The news that a decision to extend visa free travel for tourists and business visitors from Georgia to EU Schengen countries has been once more postponed has been received with dismay both by Georgians, as well as by those who care about the future relations of the European Union with the Eastern Partnership countries
Several years ago Georgia was told that it had to fulfil a set of tough criteria before visa liberalisation could happen. The Georgians embarked with enthusiasm, and diligently, on a programme of reforms, which included substantial legislative changes, changes in the work practices of various government departments and institutions and increased accountability and transparency. Earlier this year EU leaders lined up to congratulate Georgia on what it had achieved and to promise that visa liberalisation was imminent. That was before the summer. Then it was announced that the liberalisation procedure had to be delayed till later in the year. Now another delay has been announced. The issue will come in front of the European parliament in January, and reports suggest that it might not happen before next summer.
All EU officials who have spoken on the matter have said that Georgia has fulfilled all the criteria. There was nothing else they needed to do on this particular issue. The ball is clearly therefore in the EU court.
Speaking to MEPs in Brussels on Wednesday, Georgia's Foreign Minister Mikheil Janelidze was justifiably frustrated. "We have a full understanding of difficulties that the EU is facing today from increased migration to the rise of populism and extremist ideologies. However we should also look at the costs of unnecessary and unjustified delays in making decisions to honour mutual commitments," he said.
He added that helping euro-sceptic sentiments in a "devoted and committed partner like Georgia" would hardly help the EU to overcome pessimism within its citizens.
"It's not surprising that after many years of demanding reforms and the acknowledged progress, the legitimate expectations are very high in Georgia. It carries a tremendous symbolic, political and practical importance for us and serves as a strong message of the EU's political support," Janelidze said.
Janelidze's statement came one day after the European Parliament published its preliminary timetable, showing the consideration of the mechanism for suspension of visa-free regime would begin in the middle of January 2017. Earlier it was believed this would happen before Christmas. Georgia's visa waiver to the Schengen Zone cannot be implemented before the suspension mechanism is agreed.
In his speech, Janelidze focused on the progress Georgia had achieved in the last three years in all areas covered by the Visa Liberalisation Action Plan. He said Georgia had created many economic opportunities by implementing the Deep and Comprehensive Free Trade Area deal, which was part of the Georgia-EU Association Agreement. However, this [DCFTA] agreement will not work to its full capacity if Georgia's businessmen, small farmers or entrepreneurs are not able to attend trade fairs, meet European business partners and explore business opportunities in European markets," he said.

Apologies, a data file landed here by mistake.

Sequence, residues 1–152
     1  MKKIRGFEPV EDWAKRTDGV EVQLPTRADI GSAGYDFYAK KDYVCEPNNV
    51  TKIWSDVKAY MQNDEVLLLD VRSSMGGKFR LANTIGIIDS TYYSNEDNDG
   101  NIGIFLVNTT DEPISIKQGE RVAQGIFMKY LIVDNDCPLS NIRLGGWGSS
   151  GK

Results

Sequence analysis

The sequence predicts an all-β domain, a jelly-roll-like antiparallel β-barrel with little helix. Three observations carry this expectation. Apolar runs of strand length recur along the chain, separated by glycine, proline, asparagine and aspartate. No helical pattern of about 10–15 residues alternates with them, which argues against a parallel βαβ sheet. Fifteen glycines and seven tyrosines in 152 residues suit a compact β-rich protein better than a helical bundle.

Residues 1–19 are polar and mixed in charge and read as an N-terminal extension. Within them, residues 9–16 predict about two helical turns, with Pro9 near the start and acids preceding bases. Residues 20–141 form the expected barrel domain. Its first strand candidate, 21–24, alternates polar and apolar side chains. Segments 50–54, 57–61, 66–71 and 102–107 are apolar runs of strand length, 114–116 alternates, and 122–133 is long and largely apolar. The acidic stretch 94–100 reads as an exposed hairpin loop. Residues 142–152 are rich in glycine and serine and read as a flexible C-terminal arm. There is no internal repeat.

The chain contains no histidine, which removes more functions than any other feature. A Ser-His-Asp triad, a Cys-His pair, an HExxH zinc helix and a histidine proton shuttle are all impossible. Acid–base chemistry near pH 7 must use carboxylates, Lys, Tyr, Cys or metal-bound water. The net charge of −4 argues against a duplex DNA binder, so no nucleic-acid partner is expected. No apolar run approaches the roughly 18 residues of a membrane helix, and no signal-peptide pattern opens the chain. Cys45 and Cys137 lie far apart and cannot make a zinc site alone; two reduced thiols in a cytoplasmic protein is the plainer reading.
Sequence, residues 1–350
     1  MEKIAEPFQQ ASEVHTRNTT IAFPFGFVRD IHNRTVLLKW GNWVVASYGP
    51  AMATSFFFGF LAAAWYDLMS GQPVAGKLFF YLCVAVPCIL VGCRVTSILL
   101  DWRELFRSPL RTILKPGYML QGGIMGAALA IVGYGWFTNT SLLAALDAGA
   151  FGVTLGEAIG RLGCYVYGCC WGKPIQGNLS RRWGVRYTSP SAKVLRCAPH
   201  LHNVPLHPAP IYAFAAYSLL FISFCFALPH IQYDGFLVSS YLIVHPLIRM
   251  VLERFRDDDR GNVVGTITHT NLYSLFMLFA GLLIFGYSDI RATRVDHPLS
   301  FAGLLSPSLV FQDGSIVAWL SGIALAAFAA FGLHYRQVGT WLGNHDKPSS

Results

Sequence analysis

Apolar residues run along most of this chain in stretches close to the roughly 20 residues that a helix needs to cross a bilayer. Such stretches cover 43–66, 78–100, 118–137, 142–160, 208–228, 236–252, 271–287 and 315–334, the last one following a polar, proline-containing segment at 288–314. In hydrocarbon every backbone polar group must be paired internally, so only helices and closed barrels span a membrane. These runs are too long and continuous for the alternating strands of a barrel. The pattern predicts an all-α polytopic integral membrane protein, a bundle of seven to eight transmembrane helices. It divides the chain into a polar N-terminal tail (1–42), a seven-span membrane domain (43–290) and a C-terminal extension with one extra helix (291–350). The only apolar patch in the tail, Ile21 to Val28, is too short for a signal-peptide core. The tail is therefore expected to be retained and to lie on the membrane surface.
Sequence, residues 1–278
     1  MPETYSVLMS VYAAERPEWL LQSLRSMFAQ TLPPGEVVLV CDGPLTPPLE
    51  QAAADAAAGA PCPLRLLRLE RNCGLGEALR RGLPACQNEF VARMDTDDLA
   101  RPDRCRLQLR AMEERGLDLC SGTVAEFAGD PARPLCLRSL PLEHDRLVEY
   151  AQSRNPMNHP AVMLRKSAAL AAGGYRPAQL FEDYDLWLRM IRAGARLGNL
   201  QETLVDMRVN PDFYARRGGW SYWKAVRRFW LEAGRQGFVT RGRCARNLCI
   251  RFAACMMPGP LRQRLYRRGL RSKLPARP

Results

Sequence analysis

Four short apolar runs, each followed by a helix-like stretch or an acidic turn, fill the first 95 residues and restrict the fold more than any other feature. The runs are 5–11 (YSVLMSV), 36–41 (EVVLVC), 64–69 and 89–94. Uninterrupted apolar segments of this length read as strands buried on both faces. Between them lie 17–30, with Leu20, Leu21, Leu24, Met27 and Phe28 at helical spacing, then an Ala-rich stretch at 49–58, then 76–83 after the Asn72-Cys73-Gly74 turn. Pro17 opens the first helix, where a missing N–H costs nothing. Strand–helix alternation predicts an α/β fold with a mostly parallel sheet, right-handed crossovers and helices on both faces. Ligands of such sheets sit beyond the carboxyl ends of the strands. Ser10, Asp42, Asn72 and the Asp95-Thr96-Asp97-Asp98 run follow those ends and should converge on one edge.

The Georgian Minister stressed a visa-free travel regime between Georgia and the EU would not result in additional migration but fostered better people-to-people contacts, and strengthened cultural and business ties and partnerships.
Instead of embracing all the benefits [the AA deal offers], we see a protracted process of discussions within the EU. We have faced delays associated with EU's and EU member states' internal or external policy issues," he added. However we are also being held hostage of inter-institutional debates, which hardly reflects the spirit of good partnership. Let's not frustrate our people, let's keep them motivated to pursue these demanding reforms and let's continue jointly moving to Europe free, safe and at peace. Let's not benefit those who want Europe to fail," Janelidze said.
Representatives of the European Parliament, European Commission and European External Action Service attended the conference, which was held at the initiative of European Parliament Rapporteur on visa liberalisation for Georgia Mariya Gabriel.
Commonspace.eu political editor said in a comment that what is at stake here is the very credibility of the European Union as an institution in a sensitive part of the Union's neighbourhood. The EU risks discrediting itself unless it moves to bring this issue to a quick solution. The delays may seem justified and reasonable from the perspective of different stakeholders in Brussels, but in Georgia, and in the wider region, they are seen as unnecessary procrastination. Urgent action is necessary before more harm is done, and the political leadership of the EU needs to rise to the occasion, on a matter which is in their competence, and in their ability, to resolve.
source: commonspace.eu with agenda.ge
photo: Georgia’s Foreign Minister Mikheil Janelidze and European Parliament Rapporteur on visa liberalisation for Georgia Mariya Gabriel at a conference at the European parliament in Brussels on 30 November 2016 (picture courtesy of the Ministry of Foreign Affairs of Georgia
European Commissioner Johannes Hahn held discussions with officials from the South Caucasus on the margins of the Munich Security Conference